Birth defects jump when mom needs insulin.
It's well known that babies of certain diabetic women face an increased risk of major birth defects. But new research shows that Type I diabetes -- the insulin-dependent, juvenile-onset form of the disease -- may pose more than double the birth-defect risk cited in previous estimates. The study also adds a new group of diabetics to the at-risk list: women who develop temporary, "gestational" diabetes during pregnancy.
Researchers at the Centers for Disease Control in Atlanta base their new estimates on data for 4,929 babies listed in the Atlanta birth-defects registry and information on 3,029 non-deformed babies matched for race, birth date and hospital. They found that diabetics who didn't need to take insulin had no increased risk over nondiabetics of delivering babies with major birth defects. But when women developed a need for insulin supplementation, their risks climbed dramatically -- to 3.4 times the nondiabetic risk for Type II diabetics and 6.5 times the nondiabetic risk for gestational diabetics. Birth defects among Type I mothers occurred at 7.9 times the rate of nondiabetics, the team reports in the January PEDIATRICS. Previous estimates had placed the risk for Type I diabetics at only two to three times that of nondiabetics.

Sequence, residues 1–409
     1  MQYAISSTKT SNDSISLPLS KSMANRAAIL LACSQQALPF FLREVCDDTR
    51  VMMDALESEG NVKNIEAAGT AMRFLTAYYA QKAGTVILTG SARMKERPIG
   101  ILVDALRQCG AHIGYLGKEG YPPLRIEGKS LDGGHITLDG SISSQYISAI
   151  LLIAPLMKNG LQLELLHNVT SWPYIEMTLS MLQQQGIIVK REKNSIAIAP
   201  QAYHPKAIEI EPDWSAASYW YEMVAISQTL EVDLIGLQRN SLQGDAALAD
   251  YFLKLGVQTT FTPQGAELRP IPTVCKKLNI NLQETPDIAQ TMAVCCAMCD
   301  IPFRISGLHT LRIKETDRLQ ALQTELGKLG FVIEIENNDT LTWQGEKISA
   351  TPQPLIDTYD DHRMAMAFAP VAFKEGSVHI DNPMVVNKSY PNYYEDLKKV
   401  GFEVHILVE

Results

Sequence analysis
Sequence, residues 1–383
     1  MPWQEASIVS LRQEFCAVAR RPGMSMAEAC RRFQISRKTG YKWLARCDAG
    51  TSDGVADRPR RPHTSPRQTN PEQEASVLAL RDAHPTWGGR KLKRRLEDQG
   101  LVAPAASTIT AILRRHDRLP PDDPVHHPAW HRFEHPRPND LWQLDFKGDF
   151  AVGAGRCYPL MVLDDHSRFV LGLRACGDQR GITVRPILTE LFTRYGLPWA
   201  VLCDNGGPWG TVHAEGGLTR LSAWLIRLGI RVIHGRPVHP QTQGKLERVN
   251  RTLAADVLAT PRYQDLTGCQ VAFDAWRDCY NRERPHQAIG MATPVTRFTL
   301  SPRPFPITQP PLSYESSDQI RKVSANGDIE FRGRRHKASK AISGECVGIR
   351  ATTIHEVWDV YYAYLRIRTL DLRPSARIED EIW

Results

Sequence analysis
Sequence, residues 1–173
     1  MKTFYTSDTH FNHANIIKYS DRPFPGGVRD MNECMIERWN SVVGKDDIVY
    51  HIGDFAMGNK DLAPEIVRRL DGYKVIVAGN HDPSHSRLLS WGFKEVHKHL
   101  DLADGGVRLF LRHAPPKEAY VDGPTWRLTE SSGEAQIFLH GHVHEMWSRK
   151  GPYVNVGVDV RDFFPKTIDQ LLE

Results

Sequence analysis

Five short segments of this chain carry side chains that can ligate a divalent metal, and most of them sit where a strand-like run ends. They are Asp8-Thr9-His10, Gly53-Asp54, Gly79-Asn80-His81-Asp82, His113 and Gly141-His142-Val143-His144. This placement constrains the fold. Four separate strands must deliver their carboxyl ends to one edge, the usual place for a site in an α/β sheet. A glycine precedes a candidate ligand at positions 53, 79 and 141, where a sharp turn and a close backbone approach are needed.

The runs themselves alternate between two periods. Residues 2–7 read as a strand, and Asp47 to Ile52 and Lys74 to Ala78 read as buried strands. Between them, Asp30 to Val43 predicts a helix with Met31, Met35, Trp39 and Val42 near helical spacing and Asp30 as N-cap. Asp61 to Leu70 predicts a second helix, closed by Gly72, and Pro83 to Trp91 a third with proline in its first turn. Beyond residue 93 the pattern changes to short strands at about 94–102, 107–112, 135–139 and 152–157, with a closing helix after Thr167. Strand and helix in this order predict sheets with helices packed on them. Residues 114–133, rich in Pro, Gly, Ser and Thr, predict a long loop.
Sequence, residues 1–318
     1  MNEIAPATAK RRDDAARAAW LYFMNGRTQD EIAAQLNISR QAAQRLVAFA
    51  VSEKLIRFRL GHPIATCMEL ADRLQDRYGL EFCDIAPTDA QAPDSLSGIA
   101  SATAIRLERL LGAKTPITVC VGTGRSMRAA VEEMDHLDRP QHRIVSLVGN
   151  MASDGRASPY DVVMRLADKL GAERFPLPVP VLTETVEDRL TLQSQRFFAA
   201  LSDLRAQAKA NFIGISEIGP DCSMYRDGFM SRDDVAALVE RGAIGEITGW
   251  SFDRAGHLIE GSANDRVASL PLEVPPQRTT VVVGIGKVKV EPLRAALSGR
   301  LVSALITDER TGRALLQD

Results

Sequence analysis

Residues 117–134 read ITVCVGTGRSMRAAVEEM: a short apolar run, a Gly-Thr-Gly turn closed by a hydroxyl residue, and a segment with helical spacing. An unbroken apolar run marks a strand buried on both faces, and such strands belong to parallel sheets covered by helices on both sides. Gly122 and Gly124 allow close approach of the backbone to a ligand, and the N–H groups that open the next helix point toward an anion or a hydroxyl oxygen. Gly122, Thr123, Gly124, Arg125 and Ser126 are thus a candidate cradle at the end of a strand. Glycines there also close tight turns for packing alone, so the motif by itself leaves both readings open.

"We were particularly surprised by the findings for the gestational diabetics," says study leader Jose E. Becerra, because other studies suggested these babies ran no increased risk. "Even more interesting," he says, was the finding that the increased risk among insulin-using gestational diabetics involved only cardiovascular defects. Defects in babies of other diabetics taking insulin showed no such restriction.
Because supplemented insulin does not pass to the fetus, Becerra suspects diabetes-linked birth defects result from the major metabolic changes that create a need for insulin.
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|Date:||Jan 27, 1990|
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